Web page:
When the host powers up, it queries all of the devices connected to the bus and assigns each one an address. This process is called enumeration. The host
determines from each device what type of data transfer it wishes to perform: Interrupt (a device like a mouse or a keyboard, which will be sending very little data); bulk (a device like a printer receives data in 64-byte chunks) and isochronous (for streaming devices such as speakers and DACs). In the latter mode, data streams between the device and the host in real-time without error correction.

The host can also send commands or query parameters with control packets. As devices are enumerated, the host keeps track of the total bandwidth all isochronous and interrupt devices are requesting. Those may consume up to 90% of the available 480Mbps bandwidth. Greater draw means the host denies access to further devices. Control packets and packets for bulk transfers use the remaining bandwidth (at least 10%). USB divides available bandwidth into frames and the host controls the frames. Frames contain 1,500 bytes and a new frame starts every millisecond. During a frame, isochronous and interrupt devices get a slot to guarantee their bandwidth. Bulk and control transfers use whatever space is left.

So-called USB hubs expand the number of available slots on your computer should the number of devices you wish to connect outnumber your preinstalled USB terminals. Powered hubs include their own transformer to avoid overloading your computer's power supply. A USB cable has two wires for power (+5 volts and ground) and a twisted pair to carry the data. On the power wires, the computer can supply up to 500 milliamps of power at 5 volts. Low-power devices (such as mice) can draw their power directly from the bus. High-power devices (such as printers) have their own power supplies and draw minimal power from the bus.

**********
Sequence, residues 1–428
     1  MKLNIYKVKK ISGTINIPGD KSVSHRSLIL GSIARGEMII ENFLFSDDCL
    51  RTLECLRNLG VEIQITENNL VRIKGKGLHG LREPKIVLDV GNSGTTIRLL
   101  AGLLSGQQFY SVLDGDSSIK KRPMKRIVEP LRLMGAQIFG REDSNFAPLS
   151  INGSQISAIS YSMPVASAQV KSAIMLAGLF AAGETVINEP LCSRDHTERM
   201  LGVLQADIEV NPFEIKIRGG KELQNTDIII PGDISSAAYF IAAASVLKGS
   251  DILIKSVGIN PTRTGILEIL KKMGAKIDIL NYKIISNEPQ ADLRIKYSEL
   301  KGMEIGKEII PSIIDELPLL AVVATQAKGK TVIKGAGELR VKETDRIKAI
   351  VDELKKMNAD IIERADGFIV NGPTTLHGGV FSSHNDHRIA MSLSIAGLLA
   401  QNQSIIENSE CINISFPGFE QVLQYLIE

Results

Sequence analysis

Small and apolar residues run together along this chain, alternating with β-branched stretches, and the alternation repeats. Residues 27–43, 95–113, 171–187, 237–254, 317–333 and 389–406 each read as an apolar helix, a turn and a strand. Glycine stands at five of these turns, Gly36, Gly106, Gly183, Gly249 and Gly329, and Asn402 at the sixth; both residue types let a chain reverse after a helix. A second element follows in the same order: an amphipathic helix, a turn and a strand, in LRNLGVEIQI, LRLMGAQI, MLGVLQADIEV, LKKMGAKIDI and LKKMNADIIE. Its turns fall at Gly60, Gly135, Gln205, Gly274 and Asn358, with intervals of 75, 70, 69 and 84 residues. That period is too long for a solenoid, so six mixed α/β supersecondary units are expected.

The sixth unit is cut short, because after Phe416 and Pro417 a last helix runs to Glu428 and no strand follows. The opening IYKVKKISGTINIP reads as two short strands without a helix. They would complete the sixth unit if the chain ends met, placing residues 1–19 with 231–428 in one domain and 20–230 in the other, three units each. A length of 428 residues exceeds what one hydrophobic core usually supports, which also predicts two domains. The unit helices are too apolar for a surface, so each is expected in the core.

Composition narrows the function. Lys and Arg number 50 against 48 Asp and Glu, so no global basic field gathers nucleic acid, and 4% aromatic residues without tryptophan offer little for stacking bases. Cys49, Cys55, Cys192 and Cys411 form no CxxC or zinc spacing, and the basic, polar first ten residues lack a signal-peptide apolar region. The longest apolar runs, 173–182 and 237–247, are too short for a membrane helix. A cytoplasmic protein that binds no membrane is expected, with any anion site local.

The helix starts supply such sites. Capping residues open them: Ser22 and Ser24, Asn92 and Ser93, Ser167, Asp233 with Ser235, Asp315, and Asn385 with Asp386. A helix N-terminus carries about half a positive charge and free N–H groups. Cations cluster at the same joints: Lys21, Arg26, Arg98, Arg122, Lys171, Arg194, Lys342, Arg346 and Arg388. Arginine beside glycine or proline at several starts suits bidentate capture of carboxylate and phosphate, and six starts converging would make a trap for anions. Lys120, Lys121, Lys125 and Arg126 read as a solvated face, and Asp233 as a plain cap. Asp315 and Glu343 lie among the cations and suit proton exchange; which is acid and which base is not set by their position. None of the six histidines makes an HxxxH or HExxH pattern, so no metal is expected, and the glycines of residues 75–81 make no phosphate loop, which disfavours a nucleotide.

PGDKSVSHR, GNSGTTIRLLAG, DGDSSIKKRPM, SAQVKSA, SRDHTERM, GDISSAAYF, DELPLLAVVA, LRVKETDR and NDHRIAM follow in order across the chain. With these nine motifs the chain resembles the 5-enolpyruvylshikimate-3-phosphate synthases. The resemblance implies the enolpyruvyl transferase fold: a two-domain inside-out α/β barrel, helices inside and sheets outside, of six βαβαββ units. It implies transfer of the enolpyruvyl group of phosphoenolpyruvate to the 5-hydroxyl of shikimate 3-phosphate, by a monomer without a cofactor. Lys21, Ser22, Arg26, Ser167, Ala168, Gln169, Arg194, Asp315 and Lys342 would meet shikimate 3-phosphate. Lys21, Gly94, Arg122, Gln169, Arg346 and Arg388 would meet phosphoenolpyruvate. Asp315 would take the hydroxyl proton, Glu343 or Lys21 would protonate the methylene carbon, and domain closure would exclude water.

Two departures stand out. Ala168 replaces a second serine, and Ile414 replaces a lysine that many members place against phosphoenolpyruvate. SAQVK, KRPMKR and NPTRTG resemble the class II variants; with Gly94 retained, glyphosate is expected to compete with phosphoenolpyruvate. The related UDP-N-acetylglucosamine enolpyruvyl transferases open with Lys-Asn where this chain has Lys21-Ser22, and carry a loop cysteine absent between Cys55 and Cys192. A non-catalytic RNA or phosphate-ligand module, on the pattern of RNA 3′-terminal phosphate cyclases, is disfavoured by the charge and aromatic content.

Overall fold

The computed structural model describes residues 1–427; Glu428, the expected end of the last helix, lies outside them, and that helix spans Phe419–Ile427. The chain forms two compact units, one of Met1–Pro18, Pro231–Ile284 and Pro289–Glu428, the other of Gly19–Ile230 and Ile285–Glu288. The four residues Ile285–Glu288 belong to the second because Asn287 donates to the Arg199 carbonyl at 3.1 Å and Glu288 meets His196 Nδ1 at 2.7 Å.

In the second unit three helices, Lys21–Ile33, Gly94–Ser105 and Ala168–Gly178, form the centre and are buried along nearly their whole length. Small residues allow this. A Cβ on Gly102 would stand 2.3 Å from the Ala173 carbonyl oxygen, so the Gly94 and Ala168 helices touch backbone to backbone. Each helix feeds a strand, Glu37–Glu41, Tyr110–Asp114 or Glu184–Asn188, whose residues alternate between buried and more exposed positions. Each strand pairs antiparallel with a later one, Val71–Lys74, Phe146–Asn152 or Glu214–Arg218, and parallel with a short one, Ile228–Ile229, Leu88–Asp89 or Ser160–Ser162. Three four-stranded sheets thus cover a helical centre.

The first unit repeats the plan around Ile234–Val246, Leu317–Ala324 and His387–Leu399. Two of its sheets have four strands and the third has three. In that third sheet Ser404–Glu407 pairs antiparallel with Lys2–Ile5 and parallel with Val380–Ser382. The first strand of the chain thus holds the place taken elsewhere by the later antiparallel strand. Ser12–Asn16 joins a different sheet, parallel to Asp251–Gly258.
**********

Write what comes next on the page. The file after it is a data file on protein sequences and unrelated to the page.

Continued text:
USB has become the preferred link over serial and parallel ports and requires no add-on cards. USB can connect up to 127 devices to a CPU such as printers, scanners, mice, joysticks, digital and web cams, modems, telephones, zip drives, network hubs, scientific data acquisitions devices... and speakers and DACs. Aha. You were beginning to wonder about audio. That equation is simple. Hard-drive + outboard DAC linked via USB = error-free digital front-end. Yes, no S/PDIF error correction is involved. This theoretically makes for a superior combination over even the costliest traditional transport slaved to a DAC plus external reclocker. Naturally, we're talking uncompressed audio files and an audiophile-grade DAC, not MP3 and mickey-mouse converters.